Forensic Anthropology: What a Body Can Tell Us After Death
Submitted to Dr. Jennifer Fain-Thornton for Human Anatomy and Physiology 1 (BIOL-210)
My signature assignment is about what can be known about a person by observing their remains after death.
General Education Connections
- Communicate ideas in written, oral and other modes as appropriate to a situation and audience
- Apply quantitative and scientific reasoning skills relevant to a field of study
- Employ various thinking strategies to develop well-reasoned judgments
- Evaluate sources of information for accuracy, relevance and reliability
- Cultivate intellectual and ethical practices that promote the wellness of self, community and environment
- Identify their roles as global citizens in a multicultural country and world
Writing this paper allowed me to communicate my ideas. Knowledge of medical terms in the study of human anatomy and physiology helped me to communicate them to the appropriate audience. I used critical thinking and scientific reasoning when evaluating my research in order to answer the questions on the rubric. I realized the multicultural nature of the world when learning about ethics in forensic anthropology regarding the remains of indigenous peoples.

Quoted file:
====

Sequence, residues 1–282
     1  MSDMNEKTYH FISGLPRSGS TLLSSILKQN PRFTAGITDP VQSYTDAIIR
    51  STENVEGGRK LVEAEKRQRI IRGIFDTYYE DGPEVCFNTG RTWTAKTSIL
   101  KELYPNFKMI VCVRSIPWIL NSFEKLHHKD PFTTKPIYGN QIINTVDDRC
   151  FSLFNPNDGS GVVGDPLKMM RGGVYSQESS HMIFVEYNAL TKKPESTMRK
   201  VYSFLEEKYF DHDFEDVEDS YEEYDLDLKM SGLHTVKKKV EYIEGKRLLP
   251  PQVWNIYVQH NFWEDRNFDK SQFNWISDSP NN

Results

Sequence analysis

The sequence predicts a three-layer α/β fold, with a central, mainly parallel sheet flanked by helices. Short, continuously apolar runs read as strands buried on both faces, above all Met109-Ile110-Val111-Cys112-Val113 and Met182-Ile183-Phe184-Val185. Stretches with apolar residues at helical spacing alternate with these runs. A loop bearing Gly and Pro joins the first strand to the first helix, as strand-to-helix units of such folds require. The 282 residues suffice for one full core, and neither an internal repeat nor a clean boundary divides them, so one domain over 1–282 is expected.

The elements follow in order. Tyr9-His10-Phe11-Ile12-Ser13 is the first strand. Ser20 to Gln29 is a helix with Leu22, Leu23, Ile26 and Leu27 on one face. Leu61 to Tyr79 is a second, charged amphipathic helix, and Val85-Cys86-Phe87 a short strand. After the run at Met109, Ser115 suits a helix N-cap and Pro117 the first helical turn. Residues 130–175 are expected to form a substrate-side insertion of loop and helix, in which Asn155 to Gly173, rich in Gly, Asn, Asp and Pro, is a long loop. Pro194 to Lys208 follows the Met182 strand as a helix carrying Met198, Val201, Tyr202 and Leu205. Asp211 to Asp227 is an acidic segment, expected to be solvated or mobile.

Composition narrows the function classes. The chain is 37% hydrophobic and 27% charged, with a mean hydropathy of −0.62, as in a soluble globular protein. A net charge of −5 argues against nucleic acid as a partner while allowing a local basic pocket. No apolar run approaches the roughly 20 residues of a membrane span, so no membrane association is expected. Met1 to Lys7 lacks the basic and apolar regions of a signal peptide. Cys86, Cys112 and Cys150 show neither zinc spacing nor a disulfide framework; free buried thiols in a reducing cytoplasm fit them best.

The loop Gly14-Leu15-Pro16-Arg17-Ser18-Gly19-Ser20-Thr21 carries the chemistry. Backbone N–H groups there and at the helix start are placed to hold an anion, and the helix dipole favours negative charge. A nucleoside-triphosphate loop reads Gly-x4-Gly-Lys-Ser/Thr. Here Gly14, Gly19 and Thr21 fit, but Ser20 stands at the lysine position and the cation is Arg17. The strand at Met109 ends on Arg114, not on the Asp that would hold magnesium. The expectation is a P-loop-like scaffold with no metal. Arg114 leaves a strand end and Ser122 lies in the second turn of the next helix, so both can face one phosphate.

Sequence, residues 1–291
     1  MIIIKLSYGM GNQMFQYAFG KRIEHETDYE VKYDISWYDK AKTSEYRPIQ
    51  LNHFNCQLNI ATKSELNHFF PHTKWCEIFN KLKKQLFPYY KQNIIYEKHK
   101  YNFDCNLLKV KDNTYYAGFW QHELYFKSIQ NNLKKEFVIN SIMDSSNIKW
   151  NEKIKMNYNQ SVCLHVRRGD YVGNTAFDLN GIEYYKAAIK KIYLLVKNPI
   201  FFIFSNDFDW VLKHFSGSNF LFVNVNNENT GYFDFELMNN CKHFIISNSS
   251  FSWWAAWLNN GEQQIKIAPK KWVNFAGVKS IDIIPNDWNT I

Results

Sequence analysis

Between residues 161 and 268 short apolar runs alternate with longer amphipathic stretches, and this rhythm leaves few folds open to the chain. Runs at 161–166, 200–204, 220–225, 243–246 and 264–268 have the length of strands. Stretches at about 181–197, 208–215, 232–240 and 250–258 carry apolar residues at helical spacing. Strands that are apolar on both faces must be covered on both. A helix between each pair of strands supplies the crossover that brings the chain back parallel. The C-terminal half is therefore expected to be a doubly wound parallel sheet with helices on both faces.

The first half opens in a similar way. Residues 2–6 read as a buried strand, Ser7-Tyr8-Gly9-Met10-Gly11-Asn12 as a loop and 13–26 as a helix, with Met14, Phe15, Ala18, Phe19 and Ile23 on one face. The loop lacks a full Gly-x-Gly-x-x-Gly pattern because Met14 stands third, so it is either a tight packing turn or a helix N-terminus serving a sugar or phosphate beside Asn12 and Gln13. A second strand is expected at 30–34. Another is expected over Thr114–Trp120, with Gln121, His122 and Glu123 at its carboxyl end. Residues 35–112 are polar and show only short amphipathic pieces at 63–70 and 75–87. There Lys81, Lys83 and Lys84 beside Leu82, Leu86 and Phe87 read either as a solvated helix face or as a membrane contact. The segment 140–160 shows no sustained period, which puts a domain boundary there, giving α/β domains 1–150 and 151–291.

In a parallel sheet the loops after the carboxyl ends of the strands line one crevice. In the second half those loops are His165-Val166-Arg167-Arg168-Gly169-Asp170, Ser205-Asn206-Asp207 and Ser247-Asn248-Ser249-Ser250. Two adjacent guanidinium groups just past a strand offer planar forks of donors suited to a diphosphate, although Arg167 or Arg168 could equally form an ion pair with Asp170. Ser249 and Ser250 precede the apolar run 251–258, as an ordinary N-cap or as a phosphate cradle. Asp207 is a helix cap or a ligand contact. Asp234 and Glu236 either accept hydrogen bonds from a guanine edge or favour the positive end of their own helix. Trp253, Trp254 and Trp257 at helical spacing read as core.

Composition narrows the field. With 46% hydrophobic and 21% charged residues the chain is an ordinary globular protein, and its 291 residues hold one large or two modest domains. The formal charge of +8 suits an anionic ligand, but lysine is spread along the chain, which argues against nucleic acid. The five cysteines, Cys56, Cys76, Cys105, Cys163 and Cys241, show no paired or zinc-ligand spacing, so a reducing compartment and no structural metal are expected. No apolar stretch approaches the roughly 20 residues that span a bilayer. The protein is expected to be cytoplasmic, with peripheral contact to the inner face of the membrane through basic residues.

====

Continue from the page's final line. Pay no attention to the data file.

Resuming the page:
My main challenge in this project was in researching facial reconstruction of the skull. Although science has made many advancements, this is still an area of some uncertainty and error. I explained on my paper how certain fleshy parts of the face completely decompose and may leave little to no clues as to what the person originally looked like.
My field of study is nursing. I realized that, like nurses, forensic anthropologists help people. Although they may work with the dead, the work they do can help living loved ones. Their work with law enforcement can also assist to bring justice in cases where a crime has been committed.